While the penguins may have gone “offline” from programs like the virtual penguin encounter for their nesting season, guests who visit Shedd Aquarium can observe the birds in the colony and get an up-close look at this season. For anyone unable to visit or looking for a deeper connection to the aquatic animal world, there are still several virtual animal encounters offered through May 31, 2021.
By purchasing a ticket or participating in a program, you are helping to support Shedd Aquarium’s mission and dedication to top-quality animal care. For additional ways to support Shedd Aquarium and help fuel its mission, please visit https://www.sheddaquarium.org/about-shedd/support-us.
Photo credit: ©Shedd Aquarium/Brenna Hernandez
Video credit: ©Shedd Aquarium/Sam Cejtin
It’s a girl! The National Aviary today announced the sex and name of the newest addition to the flock: an endangered African Penguin chick that hatched on January 3. A DNA feather test was performed, the results of which revealed that the chick is female. Generous donor, board member, and friend of the National Aviary, Rich Caruso, named the penguin, now known as Marge, in honor of his mother.
In a video released by the National Aviary, Senior Aviculturist Chris Gaus opens a large toy egg, revealing a plush pink penguin doll nestled inside. On the wing of the penguin is a thin black band reading “Marge.” This wing band, used for identification purposes, will later be placed on the wing of Marge the penguin herself.
Marge is the eleventh African Penguin to hatch at the National Aviary, and the first to hatch to parents Buddy and Holly. With only 13,000 pairs remaining in the wild in South Africa, African Penguins are endangered, and their populations have experienced precipitous declines. Every hatching represents progress for the future of this charismatic species.
“I am pleased to work with the National Aviary to name their new African Penguin chick in honor of my mother, Margaret Caruso, and I would like to thank the National Aviary for their exemplary work saving birds and protecting their habitats,” said Rich Caruso. “My mother is nearing her 100th birthday, and she loves the National Aviary and is looking forward to visiting again to see Marge the penguin once the pandemic ends.”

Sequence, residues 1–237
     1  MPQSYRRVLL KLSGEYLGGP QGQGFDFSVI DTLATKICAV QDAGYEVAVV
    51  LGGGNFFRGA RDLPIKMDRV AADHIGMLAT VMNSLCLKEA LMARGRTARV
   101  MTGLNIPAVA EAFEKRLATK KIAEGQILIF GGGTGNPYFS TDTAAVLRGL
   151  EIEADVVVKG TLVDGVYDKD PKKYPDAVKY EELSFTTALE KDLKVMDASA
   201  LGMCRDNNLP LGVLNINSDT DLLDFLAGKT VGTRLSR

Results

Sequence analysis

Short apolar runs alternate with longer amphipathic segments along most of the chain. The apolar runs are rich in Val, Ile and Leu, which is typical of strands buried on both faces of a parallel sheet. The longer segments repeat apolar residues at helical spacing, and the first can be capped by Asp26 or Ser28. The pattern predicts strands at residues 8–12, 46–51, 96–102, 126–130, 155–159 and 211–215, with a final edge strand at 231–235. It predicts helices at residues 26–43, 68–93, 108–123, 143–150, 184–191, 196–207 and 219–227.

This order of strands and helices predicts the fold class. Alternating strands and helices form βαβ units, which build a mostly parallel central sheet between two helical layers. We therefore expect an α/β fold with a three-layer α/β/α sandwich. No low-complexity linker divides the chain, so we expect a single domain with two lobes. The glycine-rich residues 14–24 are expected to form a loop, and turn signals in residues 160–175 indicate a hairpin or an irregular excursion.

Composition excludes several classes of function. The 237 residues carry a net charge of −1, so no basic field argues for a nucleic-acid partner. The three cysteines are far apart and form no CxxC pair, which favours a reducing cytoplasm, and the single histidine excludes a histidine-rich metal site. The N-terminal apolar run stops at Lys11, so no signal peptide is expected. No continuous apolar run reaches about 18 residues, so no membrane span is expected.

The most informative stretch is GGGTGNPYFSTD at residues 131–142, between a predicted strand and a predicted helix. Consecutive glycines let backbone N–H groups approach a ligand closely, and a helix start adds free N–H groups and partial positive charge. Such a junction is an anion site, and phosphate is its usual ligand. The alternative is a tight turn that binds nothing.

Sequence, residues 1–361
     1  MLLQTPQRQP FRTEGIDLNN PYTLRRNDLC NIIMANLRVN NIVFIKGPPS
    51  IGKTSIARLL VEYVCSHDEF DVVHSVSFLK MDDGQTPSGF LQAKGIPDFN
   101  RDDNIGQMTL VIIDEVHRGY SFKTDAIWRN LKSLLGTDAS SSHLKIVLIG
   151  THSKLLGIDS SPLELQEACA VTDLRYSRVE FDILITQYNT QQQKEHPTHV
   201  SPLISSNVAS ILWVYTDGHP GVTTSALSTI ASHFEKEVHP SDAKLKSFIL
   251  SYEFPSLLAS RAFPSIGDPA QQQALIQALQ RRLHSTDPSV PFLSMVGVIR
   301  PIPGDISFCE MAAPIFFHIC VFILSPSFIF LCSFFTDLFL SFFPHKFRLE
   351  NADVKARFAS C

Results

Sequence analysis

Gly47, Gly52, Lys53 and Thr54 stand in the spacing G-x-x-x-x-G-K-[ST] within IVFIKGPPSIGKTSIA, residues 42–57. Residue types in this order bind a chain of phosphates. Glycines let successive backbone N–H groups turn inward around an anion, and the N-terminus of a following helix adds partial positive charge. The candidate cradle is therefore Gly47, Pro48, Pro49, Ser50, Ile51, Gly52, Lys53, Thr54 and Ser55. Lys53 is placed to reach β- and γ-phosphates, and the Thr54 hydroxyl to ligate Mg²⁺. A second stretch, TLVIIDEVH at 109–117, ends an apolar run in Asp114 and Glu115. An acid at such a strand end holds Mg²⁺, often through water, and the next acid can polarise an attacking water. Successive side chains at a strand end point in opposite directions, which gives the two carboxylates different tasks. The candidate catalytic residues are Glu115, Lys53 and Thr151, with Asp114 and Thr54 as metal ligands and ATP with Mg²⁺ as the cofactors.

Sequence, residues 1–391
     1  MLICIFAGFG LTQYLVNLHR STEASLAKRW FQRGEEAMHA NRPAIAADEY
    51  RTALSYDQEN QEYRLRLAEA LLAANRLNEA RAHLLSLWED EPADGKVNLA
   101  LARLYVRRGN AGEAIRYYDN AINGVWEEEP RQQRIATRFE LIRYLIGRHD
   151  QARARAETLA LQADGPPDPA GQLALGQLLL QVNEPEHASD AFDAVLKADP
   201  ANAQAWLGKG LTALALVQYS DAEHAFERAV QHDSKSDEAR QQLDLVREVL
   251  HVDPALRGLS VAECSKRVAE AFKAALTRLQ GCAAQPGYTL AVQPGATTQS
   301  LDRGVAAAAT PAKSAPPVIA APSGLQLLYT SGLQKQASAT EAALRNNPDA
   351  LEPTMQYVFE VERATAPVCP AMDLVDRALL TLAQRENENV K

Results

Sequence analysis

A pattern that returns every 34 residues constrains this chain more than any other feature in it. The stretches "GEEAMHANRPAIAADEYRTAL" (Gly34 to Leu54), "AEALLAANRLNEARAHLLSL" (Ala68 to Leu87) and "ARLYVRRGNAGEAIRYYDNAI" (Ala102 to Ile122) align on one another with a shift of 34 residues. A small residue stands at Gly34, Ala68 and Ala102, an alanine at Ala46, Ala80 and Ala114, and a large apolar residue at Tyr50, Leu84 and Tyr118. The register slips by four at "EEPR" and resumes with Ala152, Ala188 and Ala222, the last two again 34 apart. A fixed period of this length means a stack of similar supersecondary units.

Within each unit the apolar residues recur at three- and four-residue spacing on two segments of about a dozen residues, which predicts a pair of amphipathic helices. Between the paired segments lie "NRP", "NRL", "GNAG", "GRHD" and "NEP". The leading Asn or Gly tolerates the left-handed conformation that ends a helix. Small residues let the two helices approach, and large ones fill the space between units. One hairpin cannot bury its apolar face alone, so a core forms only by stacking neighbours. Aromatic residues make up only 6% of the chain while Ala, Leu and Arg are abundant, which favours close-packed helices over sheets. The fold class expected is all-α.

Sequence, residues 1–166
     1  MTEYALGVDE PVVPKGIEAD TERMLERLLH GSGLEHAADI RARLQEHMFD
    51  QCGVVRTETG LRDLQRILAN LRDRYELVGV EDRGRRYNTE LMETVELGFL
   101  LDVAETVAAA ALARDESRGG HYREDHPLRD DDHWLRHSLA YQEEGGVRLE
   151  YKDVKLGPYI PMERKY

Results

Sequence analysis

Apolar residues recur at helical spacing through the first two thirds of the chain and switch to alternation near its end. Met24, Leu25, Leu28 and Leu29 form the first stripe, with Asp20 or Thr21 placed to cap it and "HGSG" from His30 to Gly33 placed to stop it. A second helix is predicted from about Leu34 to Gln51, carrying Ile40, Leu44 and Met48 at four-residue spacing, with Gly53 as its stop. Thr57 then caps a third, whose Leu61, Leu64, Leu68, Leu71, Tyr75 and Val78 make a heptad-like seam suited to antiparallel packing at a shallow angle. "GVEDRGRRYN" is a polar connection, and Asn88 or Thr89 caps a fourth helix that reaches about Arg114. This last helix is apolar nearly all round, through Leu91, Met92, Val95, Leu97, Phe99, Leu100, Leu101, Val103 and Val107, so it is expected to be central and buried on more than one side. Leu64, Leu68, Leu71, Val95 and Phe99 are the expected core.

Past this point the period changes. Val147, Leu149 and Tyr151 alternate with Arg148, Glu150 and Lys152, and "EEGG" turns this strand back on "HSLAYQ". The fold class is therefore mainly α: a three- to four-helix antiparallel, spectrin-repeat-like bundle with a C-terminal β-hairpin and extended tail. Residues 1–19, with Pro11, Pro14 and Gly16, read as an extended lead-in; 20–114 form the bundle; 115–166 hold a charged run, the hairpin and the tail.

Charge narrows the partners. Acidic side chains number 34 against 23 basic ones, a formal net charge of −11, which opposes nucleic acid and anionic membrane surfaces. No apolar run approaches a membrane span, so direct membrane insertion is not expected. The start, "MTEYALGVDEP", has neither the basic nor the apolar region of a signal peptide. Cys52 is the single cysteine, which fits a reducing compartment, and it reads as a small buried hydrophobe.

There is no way to determine the sex of a penguin just by looking. A DNA test is performed once the penguin begins to grow its juvenile feathers. These feathers replace the chick’s soft, downy fuzz, making the penguin waterproof and prepared for a life of diving and swimming. As these juvenile feathers grow in, the distinctive “tuxedo” look, the hallmark of African Penguins, begins to emerge. At almost three months old, Marge is nearing her full adult size.
The National Aviary participates in the Species Survival Plan® (SSP) for African Penguins. A collaborative effort among Association of Zoos and Aquariums accredited institutions, SSPs work to enhance conservation of the species and ensure the entire population of African Penguins remains genetically diverse and demographically stable for the long-term future.
The National Aviary is also the leader of the Saving Animals From Extinction (SAFE) program for African Penguins. SAFE is a collaborative, international effort to identify and address conservation challenges faced by African Penguins across their range. Human disturbances, including over-fishing, human activity at nesting sites, and disasters like oil spills, have had a profound impact on African Penguin populations. The National Aviary provides practical steps visitors can take to ease the pressures on African Penguins and other wildlife, including buying sustainable seafood, using less plastic, and supporting the work of conservation organizations.